Post Ironman Blues

I’ve eaten too much leftover Halloween candy. Bia hasn’t moved from where I left her after the race, front tire askew against the basement wall. I dust off my bikes every now and then and spin the pedals, but they haven’t moved more than that. I feel like I’ve abandoned Ikaika and Bia. I struggle to go on a run because I’m sick and tired of feeling slow with faster runners passing me as they huff and puff up the hills on the trail. That’s when the “I don’t care” attitude sets in, and I pretend I wan’t passed.

Swimming and strength training have been my salvation at least, but I haven’t done much else. I love the water and hearing nothing but bubbles as I fly in between the lane lines. 

I haven’t signed up for any races next year as I’m staring at the winter wonderland outside my house while I type this, hot cocoa in hand after eating more than my fair share of the kid’s chocolate stash. I just don’t want to train for anything after being so focused the last two years on the half in 2017 and then the full Ironman in 2018. I’m done. Or D-U-N done because I’m too lazy to spell.

Post-race blues are real. And if you experience this, it’s totally normal. If you don’t, then you’re a freak of nature or something. So, to deal with these post-race blues, I plan to do the following: 

  1. Plan out my race schedule with family stuff in mind for next year. I’ll sign up in a few weeks to make it all official. 
  2. Be thankful that I can race and focus on strength training and doing what I love the most: swimming. 
  3. Take care of myself first. I already went to the doctor for an ongoing ear infection and saw a podiatrist about my foot issues. Rest and recover. 
  4. Enjoy the ability to bag a workout or put everything down to do something revolutionary like read a book while sipping cocoa, finish my painting, or finish revising my book for publication. 
  5. Give presents to others–this makes me really happy. 
I like brown paper packages and surprises. Keep checking back for freebies! 

Represent Women

I find numbers fascinating. One number that sticks in my head is 37. It’s not the answer to life, the universe, and everything like 42, but it’s the percent of female athletes in the sport of triathlon.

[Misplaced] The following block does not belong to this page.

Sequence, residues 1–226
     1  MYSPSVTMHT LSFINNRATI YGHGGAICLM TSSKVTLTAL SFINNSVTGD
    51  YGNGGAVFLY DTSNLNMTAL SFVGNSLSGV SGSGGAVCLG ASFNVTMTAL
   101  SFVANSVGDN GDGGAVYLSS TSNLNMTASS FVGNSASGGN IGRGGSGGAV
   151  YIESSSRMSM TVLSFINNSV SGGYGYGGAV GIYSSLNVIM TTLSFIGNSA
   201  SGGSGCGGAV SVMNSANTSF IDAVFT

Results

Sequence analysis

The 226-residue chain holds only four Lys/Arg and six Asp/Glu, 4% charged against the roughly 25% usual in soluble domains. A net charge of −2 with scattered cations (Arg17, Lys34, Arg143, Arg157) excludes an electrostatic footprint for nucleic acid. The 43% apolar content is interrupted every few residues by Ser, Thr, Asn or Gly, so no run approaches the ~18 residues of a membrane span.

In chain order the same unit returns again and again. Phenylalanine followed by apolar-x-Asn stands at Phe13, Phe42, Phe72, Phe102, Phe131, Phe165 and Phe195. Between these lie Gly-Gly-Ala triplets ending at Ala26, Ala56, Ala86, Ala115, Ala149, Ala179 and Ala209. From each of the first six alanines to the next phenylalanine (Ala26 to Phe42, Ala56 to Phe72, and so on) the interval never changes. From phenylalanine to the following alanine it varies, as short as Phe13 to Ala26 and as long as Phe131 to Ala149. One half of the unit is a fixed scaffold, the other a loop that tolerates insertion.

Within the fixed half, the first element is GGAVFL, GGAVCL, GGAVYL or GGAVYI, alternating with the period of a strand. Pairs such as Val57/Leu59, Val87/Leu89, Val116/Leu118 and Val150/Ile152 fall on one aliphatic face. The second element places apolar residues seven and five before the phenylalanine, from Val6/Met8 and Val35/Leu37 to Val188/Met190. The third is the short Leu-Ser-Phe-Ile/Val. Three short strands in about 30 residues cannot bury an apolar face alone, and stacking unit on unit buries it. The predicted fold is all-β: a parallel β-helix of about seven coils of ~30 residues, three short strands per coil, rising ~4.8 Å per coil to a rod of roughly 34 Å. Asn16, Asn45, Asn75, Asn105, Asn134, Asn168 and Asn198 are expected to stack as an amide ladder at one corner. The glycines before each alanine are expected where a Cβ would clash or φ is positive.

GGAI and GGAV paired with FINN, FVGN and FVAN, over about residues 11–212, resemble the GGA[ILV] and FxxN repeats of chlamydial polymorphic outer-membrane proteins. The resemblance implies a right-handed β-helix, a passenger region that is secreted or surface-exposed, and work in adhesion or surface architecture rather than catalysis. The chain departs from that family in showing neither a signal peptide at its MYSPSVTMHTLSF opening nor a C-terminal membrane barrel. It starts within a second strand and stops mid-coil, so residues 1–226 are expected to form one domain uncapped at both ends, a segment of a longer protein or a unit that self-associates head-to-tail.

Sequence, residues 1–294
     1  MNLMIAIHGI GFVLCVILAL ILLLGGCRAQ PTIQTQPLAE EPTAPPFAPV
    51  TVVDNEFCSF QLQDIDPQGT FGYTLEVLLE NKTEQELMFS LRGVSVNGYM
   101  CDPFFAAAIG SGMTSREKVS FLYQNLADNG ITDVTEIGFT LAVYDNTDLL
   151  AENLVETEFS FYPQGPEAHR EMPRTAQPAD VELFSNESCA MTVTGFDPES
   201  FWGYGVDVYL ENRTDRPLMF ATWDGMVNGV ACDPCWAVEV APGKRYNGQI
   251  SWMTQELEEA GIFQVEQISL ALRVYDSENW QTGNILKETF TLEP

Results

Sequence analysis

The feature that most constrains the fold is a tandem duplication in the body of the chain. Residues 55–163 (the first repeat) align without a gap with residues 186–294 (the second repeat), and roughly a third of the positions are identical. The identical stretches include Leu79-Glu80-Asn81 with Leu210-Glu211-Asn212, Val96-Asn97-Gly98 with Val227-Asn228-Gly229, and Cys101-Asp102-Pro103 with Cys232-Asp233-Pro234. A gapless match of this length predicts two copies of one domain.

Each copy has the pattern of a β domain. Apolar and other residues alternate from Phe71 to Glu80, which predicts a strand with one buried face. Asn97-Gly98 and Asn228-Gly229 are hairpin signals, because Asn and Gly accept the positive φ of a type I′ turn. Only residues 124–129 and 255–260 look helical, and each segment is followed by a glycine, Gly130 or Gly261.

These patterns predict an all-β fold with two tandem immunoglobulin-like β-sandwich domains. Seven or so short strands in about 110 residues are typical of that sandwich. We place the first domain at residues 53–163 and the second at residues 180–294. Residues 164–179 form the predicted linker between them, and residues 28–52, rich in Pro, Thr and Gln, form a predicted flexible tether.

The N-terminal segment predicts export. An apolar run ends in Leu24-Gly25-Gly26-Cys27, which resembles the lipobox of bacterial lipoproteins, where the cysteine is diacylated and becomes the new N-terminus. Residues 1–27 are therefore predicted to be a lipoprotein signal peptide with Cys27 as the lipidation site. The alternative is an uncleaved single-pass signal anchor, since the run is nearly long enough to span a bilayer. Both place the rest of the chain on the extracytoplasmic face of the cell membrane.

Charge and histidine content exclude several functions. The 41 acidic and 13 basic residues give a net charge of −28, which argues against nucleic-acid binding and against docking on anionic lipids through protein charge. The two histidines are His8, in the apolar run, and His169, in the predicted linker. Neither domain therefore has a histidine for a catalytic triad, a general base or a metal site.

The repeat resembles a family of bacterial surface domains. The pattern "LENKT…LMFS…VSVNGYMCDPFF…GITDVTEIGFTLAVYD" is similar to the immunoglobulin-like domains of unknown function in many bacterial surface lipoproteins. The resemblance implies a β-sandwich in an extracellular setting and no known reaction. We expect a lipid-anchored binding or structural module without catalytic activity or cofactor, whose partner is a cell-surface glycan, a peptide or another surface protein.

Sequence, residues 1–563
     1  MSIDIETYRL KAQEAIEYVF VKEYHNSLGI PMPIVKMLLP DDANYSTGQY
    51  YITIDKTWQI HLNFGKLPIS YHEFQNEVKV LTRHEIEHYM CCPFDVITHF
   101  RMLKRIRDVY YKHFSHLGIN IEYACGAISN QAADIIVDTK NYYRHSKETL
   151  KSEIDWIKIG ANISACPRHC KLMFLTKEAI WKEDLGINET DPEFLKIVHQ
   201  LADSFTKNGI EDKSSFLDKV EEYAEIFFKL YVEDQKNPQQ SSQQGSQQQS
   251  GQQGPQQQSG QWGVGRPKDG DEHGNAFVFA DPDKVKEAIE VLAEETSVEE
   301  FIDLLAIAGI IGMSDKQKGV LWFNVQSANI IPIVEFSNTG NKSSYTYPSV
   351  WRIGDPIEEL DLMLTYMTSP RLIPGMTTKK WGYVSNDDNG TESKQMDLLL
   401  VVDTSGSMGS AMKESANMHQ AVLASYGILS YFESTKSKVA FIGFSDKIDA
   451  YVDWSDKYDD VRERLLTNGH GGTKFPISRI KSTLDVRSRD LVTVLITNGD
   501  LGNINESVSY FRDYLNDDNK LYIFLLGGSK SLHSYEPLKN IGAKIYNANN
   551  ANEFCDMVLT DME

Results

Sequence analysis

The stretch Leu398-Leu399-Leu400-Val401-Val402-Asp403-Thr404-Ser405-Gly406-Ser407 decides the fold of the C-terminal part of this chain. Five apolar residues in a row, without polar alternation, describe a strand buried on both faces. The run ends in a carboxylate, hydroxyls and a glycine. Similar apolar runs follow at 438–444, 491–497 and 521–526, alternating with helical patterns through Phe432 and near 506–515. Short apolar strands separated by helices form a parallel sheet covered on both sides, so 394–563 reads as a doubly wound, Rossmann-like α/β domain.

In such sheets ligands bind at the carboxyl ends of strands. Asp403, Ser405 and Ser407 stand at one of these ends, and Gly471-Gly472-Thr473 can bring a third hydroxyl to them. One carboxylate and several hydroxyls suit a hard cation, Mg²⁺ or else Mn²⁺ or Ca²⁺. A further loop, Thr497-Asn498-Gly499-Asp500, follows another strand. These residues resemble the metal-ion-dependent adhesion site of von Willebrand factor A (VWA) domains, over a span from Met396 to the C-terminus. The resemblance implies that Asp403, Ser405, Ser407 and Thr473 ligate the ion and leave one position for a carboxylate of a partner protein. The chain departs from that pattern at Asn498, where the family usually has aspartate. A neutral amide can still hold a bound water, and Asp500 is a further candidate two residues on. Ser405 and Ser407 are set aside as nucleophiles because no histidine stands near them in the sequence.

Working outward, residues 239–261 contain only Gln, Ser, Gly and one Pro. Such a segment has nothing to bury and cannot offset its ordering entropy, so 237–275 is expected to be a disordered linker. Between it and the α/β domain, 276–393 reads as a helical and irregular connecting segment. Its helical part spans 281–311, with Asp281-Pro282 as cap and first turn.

Thirty-seven percent. Women make up fifty-one percent of the population and have begun to dominate the running world, slowly at forty-four percent for the marathon distance; however, women make up for what they lack in numbers as seen in the recent New York City Marathon where American women performed better than expected with four U.S. women placing in the top ten. Shalane Flanagan placed third and got on the podium once again (last year, she placed first), which is a huge feat.

So, why only thirty-seven percent in triathlon? Gwen Jorgenson won gold in Rio in 2016 for triathlon, but didn’t seem to inspire lots of women to join the sport. As for cycling, women make up about 25% of riders, and for open water swimming women only make up 37%, the same as it is for the sport of triathlon. I can’t bear to look at the numbers for African Americans in triathlon: it’s .5% in case you’re wondering. POINT 5%. But that’s another post.

In the U.S., Title IX didn’t allow for girls’ teams until 1972, which kept my mom and the women who came before me from participating in organized sports–we had few role models because adult women we knew weren’t on any teams of any kind, didn’t run in road races, etc. Because of Title IX, I was on my high school’s first girls’ soccer team in 1992 when I was a junior in high school. We had swimming, track, and other sports, but soccer was late to the game even though we had a boys’s team prior to 1992. I’d like to say we’ve come a long way, but there is still a long way to go, especially in the sport of triathlon with only 37% participation for women.

What keeps women out of the sport? Intimidation? Time? Money? Work and family obligations? A bigger problem is that women currently in the sport don’t give themselves enough credit: women apologize before they even begin group rides or runs even though the guys don’t care.

This has to stop, and I know I’m guilty of this too. I often apologize for the few group rides I go on, not expecting anyone to wait for me. I let other swimmers go ahead of me in a lane even though I may be faster. I pick up the rear in runs when I want to give up. I plan to change these attitudes about the three disciplines with myself, and I would love to see other women stop apologizing, get some more friends, and get into the sport so that we represent ourselves properly. Maybe then that 37% will go up to 51% like it should.